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Day 813: A Further Exploration Of NOSHIT

As a follow-up to Dambala’s post on riotcasting and the New Orleans Societal Havoc Indicator Test (NOSHIT), here’s an article about the work of game theorist, Bruce Bueno de Mesquita. Despite how this self-proclaimed rational Nostradamus prognosticates medium-sized conflicts and political successions, couldn’t foresee 9/11 and the not trivial unraveling of the situation in Iraq and denies local specifics as important to sociopolitical predictions, his track record is still an interesting read. The following is the crux of Bueno de Mesquita’s theory.

In the foreboding world view of rational choice, everyone is a raging dirtbag. Bueno de Mesquita points to dictatorships to prove his point: “If you liberate people from the constraint of having to satisfy other people in order to advance themselves, people don’t do good things.” When analyzing a problem in international relations, Bueno de Mesquita doesn’t give a whit about the local culture, history, economy, or any of the other considerations that more traditional political scientists weigh. In fact, rational choicers like Bueno de Mesquita tend to view such traditional approaches with a condescension bordering on disdain. “One is the study of politics as an expression of personal opinion as opposed to political science,” he says dryly.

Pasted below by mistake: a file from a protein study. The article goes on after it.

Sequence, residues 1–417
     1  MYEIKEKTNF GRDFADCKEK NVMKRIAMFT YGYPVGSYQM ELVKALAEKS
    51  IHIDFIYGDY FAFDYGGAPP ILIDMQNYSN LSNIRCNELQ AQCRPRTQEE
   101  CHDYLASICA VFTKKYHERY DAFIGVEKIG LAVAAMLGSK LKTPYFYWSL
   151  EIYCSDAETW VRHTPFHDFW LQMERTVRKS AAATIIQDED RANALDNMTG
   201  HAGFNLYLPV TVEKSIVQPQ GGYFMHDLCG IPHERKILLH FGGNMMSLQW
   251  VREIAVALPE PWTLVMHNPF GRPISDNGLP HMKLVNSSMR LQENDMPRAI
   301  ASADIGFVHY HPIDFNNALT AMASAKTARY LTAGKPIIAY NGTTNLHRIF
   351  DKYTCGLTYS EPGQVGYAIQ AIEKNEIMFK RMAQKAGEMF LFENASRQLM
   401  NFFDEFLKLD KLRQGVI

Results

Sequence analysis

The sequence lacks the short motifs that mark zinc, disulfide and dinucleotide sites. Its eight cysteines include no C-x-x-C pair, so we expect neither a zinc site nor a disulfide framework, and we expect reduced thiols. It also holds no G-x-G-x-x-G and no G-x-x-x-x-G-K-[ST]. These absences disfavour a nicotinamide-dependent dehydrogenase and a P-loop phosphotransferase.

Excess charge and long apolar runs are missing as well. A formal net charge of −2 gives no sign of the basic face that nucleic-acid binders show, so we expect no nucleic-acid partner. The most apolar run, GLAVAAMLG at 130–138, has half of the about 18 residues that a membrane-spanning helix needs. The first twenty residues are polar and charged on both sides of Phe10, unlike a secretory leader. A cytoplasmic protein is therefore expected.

He gives an innovative solution to post-conflict Palestine, portions of it possibly applicable to New Orleans and its crime problem.

“In a peaceful world, what do the Palestinians anticipate will be their main source of economic viability? Tourism. This is what their own documents say. And, of course, the Israelis make a lot of money from tourism, and that revenue is very easy to track. As a starting point requiring no trust, no mutual cooperation, I would suggest that all tourist revenue be [divided by] a fixed formula based on the current population of the region, which is roughly 40 percent Palestinian, 60 percent Israeli. The money would go automatically to each side. Now, when there is violence, tourists don’t come. So the tourist revenue is automatically responsive to the level of violence on either side for both sides …”

Edit: Local quirks and conditions aren’t important to such prediction machines, these theorists explain. Then, why don’t we experience chaos and predictable election results in New Orleans? If various factors in New Orleans make it ready for a race or socioeconomic riot, what keeps it from happening? My bets are on the apathy of the majority of the local populace, their inability to organize effectively and greater readiness to eat, drink and pass a good time (very much a local flavor). D believes it will take something simpler, like a great fire that eats up whole neighborhoods caused by extended drought or more nooses hanging around the Greater New Orleans area. Of course, another possibility is nothing happening, which would be ideal and well within the statistical parameters.

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Related: Play Prognosticate and “use your powers of deduction to predict what happens next in today’s news stories.” It’s a lot of fun, only irritating when picky about grammar and choice of synonyms.

2 comments… add one
  • mominem November 18, 2007, 1:19 PM

    Sounds a lot like Psycohistory.

    Who says elections in New Orleans are predictable and some of us don’t live in chaos?

  • Dambala November 19, 2007, 9:46 PM

    a much more eloquent analysis. I wish I could have written that. I can only do sarcasm.

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